University of Maryland Opens MakerBot Innovation Center to Foster Entrepreneurship on Campus and in the Region

First Large-Scale 3D Printing MakerBot Innovation Center at Big Ten University and First in the Baltimore-Washington Area

COLLEGE PARK, Md. — (BUSINESS WIRE) — April 23, 2015 — The University of Maryland (UMD) and MakerBot, a global leader in the desktop 3D printing industry, will be holding a grand opening of the new MakerBot Innovation Center at UMD on April 23, 2015. UMD is the first in the Big Ten, and the first in the Baltimore-Washington Metropolitan area, to launch a MakerBot Innovation Center – a large-scale 3D printing installation that is designed to empower university faculty, students and organizations to innovate faster, increase collaboration and compete more effectively. Grand opening festivities will begin at 2:00 p.m., Thursday, April 23, at the University of Maryland, Technology Advancement Program Building, 387 Technology Drive, College Park, Maryland, with speeches from university staff and representatives from MakerBot.

The MakerBot Innovation Center brings 3D printing technology to faculty and thousands of students, a ...

The MakerBot Innovation Center brings 3D printing technology to faculty and thousands of students, as well as the local business community, to collaborate on Real-Time Prototyping™, model making and small-scale creative and manufacturing projects. (Photo: Business Wire)

The Grand Opening of the UMD MakerBot Innovation Center will be followed by a special 3D printing and additive manufacturing showcase by students, faculty and friends and a presentation by Local Motors CEO John "Jay" Rogers entitled, "Welcome to the Third Industrial Revolution - Local Motors and the 3D Printed Car.” The opening of the MakerBot Innovation Center is part of UMD’s 30 Days of Entrepreneurship, celebrating the university’s Fearless Ideas, innovation and impact with a showcase of special events, lectures and contests.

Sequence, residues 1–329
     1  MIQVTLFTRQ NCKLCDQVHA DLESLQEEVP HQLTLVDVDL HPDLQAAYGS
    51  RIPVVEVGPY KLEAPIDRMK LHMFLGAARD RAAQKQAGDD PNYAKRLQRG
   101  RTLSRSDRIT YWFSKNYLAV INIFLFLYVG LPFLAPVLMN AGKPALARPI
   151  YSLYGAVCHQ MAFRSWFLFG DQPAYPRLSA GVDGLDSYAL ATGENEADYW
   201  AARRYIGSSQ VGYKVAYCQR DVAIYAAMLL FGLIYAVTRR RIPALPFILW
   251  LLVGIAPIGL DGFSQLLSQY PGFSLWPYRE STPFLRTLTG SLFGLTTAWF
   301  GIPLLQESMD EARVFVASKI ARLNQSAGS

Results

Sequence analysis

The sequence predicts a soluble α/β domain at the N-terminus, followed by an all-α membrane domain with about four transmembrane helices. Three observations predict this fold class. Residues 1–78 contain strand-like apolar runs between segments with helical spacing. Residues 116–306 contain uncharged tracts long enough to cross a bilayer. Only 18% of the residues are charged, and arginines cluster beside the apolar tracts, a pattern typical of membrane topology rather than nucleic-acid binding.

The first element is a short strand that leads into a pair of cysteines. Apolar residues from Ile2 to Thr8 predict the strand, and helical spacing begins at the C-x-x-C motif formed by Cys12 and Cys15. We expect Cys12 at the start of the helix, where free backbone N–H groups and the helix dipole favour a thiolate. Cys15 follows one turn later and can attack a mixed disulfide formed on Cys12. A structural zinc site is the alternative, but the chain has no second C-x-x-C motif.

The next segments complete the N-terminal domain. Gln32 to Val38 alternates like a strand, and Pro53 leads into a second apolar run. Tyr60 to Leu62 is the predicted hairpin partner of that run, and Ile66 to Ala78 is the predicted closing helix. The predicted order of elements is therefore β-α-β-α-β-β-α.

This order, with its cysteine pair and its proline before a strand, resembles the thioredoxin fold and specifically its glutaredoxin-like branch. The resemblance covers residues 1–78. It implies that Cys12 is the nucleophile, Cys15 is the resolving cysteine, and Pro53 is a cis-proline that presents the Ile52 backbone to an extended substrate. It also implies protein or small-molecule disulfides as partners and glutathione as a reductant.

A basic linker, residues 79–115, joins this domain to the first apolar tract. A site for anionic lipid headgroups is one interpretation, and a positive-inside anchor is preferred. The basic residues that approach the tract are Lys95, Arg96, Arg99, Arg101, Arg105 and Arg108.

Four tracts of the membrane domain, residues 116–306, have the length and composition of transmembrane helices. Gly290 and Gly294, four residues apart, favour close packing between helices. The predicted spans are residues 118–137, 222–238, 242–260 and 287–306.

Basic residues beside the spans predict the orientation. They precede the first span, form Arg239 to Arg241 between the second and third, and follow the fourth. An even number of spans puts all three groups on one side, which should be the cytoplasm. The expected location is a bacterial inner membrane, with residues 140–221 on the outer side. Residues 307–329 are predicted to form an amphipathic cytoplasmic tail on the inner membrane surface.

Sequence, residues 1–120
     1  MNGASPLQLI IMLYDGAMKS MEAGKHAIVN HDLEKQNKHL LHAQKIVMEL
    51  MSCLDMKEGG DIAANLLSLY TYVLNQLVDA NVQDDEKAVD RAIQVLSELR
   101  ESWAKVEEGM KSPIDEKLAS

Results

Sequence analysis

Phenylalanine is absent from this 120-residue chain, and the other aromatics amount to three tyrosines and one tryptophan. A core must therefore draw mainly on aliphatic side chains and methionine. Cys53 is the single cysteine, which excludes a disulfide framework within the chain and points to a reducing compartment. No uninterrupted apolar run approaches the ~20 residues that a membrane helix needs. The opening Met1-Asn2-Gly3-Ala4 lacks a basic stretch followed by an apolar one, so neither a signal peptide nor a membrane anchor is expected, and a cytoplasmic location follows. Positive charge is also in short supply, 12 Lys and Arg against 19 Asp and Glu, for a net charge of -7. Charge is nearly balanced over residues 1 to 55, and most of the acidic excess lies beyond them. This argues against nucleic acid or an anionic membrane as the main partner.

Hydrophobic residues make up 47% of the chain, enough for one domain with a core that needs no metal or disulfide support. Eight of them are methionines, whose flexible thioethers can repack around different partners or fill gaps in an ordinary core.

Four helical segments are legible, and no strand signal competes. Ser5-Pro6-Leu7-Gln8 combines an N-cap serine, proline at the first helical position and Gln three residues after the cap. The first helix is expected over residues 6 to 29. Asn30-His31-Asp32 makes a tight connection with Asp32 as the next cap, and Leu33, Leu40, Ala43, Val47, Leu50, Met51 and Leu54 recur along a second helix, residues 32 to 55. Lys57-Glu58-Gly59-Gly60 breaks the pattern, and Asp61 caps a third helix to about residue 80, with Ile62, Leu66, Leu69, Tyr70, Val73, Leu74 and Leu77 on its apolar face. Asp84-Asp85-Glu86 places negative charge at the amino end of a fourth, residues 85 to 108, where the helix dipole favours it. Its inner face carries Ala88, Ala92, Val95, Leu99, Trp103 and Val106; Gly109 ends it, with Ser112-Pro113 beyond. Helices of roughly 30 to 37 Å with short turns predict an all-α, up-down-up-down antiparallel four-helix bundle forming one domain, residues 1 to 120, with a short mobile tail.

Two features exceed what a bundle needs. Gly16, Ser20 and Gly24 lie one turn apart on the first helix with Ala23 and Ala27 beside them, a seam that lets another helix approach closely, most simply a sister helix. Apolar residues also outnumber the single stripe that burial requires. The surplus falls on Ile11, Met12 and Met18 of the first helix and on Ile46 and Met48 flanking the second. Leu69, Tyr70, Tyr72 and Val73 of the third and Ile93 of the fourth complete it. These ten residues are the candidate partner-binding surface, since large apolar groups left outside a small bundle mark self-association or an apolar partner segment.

“What we’re seeing here is the future of manufacturing in this country,” said Darryll J. Pines, Dean and Nariman Farvardin Professor of Aerospace Engineering at the A. James Clark School of Engineering. “The MakerBot Innovation Center gives our students an edge in the changing and adapting marketplace. We see desktop 3D printing as a catalyst for new thinking and are excited to make this technology more broadly available.”

Located at the A. James Clark School of Engineering, the MakerBot Innovation Center brings 3D printing technology to faculty and thousands of students, as well as the local business community, to collaborate on Real-Time Prototyping™, model making and small-scale creative and manufacturing projects. Open to all UMD students, it will be a place where students from diverse majors can come together to apply the power of 3D printing to their studies and interests — from business to art, design, engineering and science students.